Standing female power figure (nkishi)
- Songye peoples
- late 19th–early 20th century
Though rare, female power figures assume the same pose as the male, with hands at either side of the belly, and both serve the same function: to provide protection, healing, or therapy for its owner. Here, the empowering consecrated substances are packed into the figure's belly and belt. This nkishi displays the raised scarification on the breasts and around the belly that used to be a common body modification and adornment for Songye women. The figure was probably owned by a household or an association. Due to repeated anointments many decades ago, the nkishi continues to exude oil.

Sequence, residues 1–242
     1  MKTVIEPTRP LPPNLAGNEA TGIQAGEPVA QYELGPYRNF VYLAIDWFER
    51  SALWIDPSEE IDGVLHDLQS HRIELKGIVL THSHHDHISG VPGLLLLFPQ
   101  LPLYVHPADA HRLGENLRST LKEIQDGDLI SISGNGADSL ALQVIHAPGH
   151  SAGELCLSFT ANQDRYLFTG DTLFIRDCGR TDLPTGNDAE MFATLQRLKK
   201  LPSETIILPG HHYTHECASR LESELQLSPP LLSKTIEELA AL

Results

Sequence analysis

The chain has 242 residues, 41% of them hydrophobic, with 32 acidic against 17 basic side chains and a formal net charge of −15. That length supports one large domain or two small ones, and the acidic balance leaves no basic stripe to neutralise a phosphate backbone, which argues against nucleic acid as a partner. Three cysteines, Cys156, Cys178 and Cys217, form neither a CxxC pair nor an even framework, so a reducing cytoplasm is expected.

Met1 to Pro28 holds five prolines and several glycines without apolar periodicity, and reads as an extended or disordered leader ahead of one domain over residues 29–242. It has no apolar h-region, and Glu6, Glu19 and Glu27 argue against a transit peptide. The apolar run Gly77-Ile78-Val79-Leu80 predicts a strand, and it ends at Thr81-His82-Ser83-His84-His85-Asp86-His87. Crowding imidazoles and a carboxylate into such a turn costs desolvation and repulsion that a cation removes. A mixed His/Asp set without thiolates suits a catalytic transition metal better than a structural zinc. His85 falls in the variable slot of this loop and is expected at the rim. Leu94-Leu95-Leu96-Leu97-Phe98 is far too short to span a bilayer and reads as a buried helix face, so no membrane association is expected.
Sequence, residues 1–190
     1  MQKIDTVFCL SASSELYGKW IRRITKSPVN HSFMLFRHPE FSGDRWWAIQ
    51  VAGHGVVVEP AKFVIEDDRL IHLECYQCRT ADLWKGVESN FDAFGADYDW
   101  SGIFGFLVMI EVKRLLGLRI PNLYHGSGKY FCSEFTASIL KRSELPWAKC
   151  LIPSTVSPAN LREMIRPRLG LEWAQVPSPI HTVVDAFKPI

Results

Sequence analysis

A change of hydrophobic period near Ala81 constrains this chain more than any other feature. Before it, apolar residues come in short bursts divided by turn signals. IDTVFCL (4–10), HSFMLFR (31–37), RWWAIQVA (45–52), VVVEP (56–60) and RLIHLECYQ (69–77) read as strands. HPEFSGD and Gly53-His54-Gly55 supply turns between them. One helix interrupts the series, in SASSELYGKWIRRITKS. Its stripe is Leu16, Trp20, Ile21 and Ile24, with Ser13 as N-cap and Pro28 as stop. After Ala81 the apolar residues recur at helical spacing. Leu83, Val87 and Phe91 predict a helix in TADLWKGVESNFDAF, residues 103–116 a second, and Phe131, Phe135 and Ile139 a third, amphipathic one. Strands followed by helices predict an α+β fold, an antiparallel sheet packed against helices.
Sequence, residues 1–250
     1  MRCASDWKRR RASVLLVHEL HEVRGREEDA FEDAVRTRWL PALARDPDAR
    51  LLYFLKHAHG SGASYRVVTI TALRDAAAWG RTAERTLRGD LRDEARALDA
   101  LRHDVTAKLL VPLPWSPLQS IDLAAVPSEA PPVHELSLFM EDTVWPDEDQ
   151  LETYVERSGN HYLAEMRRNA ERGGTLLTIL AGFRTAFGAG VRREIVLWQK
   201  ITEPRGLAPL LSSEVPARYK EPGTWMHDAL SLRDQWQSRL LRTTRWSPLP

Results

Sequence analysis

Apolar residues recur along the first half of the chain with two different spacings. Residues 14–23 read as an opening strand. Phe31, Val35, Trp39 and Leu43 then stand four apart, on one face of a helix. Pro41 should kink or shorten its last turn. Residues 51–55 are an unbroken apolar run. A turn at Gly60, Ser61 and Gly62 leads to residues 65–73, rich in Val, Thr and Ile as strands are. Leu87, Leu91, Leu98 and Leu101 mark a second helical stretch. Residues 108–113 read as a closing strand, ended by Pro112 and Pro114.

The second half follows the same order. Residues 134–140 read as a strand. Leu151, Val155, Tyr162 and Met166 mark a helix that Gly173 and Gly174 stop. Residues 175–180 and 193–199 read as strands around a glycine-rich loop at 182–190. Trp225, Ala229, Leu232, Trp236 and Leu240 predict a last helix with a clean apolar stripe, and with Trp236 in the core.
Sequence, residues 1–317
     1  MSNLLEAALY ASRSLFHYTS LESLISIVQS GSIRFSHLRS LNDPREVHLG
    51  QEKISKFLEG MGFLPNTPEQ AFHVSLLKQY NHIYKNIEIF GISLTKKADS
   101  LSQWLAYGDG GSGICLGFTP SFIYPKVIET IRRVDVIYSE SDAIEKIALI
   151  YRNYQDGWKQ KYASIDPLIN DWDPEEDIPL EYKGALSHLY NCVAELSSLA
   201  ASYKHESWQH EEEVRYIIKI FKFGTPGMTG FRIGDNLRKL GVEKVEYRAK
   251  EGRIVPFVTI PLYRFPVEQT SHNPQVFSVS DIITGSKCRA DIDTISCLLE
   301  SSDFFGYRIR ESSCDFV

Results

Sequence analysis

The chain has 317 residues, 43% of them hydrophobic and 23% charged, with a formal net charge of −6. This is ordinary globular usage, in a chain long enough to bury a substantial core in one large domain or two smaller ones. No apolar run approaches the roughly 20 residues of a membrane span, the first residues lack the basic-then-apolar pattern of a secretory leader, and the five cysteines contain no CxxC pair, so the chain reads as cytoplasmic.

Roslyn A. Walker, Label text, Arts of Africa, 2015.
Roslyn A. Walker, The Arts of Africa at the Dallas Museum of Art (New Haven and London: Yale University Press, 2009), 164-165.